I'm learning chef and having problems structuring everything to work with my team.

For starters, it seems that you should create a chef-repo folder, where you will store and modify the cookbooks used to manage your nodes.

I work on various projects, and each one of them is under git source control already. Ideally I would keep one chef-repo folder in each one of my projects with that projects cookbooks right?

However, in the chef-repo folder I have to add a configuration folder (.chef) with my knife configuration and my key validations, and these are specific to me. Is it normal to just add the .chef folder to the gitignore file?

I understand the cookbooks get uploaded to the chef server to then be deployed. How do other teams separate the staging from production environments without duplicating a lot of work? We have a master branch which is our production branch, a dev branch which is our staging branch (receives less than 5% of the website's requests) and feature branches. Most of the time, the dev branch when stable is merged to the master branch. How can we upload the cookbooks separately to be able to have two environments in a separate way?

Thanks for the help!

  • Could you set up the .chef folder to use environment variables or something? – ceejayoz Dec 29 '11 at 19:31
  • Could you please describe your goal in more detail? What kind of infrastructure do you want to automate using Chef? You've mentioned different branches -- if you're talking about software deployment, a CI tool like Jenkins could be the the better solution. – geewiz Dec 29 '11 at 19:51
  • It's so good how puppet supports environments like this, natively. – Tom O'Connor Dec 29 '11 at 23:03

I work with multiple projects, so cjc's solution won't work for me. There's also an issue of common vs custom configuration (addresses etc are common to the company, there's also a bit of magic in the configs). The scheme I finally settled on is a bit of a hack, but it's a convenient-to-use one.

Instead of global ~/.chef, I use '.chef' subdirectory within chef-repo, which is not stored in git (it's added to .gitignore). I have also file config/knife.rb file which is checked into Git and contains shared configuration. It starts with this snippet:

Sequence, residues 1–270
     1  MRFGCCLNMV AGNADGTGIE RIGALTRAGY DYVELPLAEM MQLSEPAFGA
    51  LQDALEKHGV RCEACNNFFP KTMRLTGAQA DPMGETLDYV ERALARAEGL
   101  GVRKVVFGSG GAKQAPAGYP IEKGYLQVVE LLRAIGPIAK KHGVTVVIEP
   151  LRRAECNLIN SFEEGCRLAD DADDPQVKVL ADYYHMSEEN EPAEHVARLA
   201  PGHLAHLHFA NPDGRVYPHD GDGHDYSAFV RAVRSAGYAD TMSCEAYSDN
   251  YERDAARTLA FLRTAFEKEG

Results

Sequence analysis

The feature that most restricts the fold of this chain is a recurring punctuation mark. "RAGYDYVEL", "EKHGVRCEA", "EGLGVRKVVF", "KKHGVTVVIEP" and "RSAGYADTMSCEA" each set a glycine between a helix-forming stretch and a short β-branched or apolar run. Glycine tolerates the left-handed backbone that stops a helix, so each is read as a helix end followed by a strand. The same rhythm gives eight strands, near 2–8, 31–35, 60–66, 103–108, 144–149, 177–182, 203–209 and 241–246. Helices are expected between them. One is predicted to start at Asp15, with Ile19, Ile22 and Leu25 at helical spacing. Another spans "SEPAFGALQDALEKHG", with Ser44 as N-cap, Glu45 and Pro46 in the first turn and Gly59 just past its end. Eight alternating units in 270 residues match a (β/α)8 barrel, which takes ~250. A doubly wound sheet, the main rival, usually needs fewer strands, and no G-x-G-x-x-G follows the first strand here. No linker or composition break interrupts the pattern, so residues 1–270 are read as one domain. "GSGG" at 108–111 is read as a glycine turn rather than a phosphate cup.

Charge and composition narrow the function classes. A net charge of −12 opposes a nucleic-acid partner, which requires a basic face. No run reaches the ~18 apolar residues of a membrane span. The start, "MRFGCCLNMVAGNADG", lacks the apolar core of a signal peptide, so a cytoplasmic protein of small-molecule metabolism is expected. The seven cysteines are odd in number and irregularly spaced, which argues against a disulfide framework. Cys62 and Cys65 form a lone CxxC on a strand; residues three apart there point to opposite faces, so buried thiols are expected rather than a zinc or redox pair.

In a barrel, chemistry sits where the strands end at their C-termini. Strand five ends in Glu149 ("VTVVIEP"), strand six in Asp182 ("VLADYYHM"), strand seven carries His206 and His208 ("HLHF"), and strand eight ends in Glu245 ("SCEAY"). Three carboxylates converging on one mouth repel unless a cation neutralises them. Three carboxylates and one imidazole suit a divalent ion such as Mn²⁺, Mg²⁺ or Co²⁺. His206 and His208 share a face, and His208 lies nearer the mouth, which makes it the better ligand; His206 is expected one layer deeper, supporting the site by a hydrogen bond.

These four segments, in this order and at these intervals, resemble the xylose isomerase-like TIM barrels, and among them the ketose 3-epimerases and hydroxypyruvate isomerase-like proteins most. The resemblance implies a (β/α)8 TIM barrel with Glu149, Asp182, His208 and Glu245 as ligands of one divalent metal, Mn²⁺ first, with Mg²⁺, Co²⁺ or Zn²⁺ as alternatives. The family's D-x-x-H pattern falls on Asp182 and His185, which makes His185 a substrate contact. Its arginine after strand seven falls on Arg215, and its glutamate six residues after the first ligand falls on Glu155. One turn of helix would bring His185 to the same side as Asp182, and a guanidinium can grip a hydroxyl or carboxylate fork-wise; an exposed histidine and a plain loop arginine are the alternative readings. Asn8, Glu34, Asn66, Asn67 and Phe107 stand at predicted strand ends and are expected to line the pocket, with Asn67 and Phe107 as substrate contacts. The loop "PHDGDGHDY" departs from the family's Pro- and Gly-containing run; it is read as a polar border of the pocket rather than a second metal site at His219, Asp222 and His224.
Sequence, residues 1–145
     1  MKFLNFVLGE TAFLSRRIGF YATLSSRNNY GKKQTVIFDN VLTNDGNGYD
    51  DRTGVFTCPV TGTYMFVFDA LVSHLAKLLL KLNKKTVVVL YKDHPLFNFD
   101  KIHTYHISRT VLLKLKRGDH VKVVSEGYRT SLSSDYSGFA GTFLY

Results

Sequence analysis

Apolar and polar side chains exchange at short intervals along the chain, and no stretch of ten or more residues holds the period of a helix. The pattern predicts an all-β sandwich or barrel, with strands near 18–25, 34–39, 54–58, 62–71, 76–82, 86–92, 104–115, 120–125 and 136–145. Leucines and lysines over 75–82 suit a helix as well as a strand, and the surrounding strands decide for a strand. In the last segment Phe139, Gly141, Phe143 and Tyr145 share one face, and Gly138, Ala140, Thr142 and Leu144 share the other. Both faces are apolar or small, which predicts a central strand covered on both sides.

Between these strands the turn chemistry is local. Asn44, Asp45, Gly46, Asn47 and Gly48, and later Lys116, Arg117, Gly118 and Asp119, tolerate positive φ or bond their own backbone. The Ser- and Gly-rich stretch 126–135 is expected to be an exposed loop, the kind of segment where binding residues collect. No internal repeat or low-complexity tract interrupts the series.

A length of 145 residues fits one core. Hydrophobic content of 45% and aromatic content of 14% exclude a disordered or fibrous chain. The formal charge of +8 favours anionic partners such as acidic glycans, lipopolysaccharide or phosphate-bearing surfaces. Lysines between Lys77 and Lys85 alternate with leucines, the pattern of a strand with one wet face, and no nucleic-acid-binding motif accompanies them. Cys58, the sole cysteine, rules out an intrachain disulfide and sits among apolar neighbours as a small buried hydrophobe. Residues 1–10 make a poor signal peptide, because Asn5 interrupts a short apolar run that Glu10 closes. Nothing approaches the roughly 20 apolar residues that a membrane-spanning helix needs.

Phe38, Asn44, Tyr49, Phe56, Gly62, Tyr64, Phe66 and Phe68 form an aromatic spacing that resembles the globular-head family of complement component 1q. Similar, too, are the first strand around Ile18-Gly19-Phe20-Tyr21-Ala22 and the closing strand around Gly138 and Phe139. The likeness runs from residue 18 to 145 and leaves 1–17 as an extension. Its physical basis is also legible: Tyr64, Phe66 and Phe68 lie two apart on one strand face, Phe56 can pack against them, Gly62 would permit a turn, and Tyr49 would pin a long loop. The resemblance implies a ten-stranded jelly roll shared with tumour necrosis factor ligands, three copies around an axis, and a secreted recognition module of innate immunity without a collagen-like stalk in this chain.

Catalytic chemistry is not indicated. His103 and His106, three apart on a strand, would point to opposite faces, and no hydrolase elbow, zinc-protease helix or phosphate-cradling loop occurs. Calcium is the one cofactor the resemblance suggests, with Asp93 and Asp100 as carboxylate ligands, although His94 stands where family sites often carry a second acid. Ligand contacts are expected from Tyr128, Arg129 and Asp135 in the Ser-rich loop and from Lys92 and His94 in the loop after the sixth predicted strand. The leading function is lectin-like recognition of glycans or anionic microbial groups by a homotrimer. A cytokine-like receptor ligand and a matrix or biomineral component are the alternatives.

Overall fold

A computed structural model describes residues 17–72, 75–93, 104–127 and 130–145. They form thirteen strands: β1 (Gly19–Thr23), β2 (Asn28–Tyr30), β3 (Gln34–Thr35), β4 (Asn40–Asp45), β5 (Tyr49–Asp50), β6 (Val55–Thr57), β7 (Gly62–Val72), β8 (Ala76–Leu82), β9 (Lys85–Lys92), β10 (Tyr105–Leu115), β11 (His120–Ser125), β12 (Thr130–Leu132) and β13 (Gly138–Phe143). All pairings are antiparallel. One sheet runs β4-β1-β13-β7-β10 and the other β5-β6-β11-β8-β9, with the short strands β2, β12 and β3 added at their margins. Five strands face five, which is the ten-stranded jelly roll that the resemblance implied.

root_dir = File.join(File.dirname(__FILE__), '..')
%w(knife-secrets.rb knife-local.rb).each do |conf_name|
  conf = File.join(root_dir, ".chef", conf_name)
  Kernel::load(conf) if File.exists? conf

This loads files .chef/knife-local.rb containing custom configuration (in basic version it's just OPSCODE_USER='username' constant that is used later on, but it can contain any knife config), and .chef/knife-secrets.rb which contains shared secrets (AWS keys etc).

Below that, there is regular knife config that uses constants defined in these files, e.g.:

client_key               "#{root_dir}/.chef/#{OPSCODE_USER}.pem"

This way, I achieve standarization of knife config across the company, which in turn means that any code snippet or knife invocation shared in a wiki will work for everyone. There is enough confusion and magic in knife itself - different configurations would only make it worse. Also, everyone gets benefit of small magic snippets, like this one to make knife ssh use login configured in user's ~/.ssh/config

There's also issue of shared secrets: chef server's validation key, AWS keys stored in knife-secrets.rb, EC2's SSH private key, encrypted data bag keys, and so on. We definitely don't want them to be stored in the repository - or, actually, anywhere where they aren't safely encrypted. So we distribute those files as a .tar.gz file, which is GPG-encrypted to everyone in the company, and shared over Dropbox.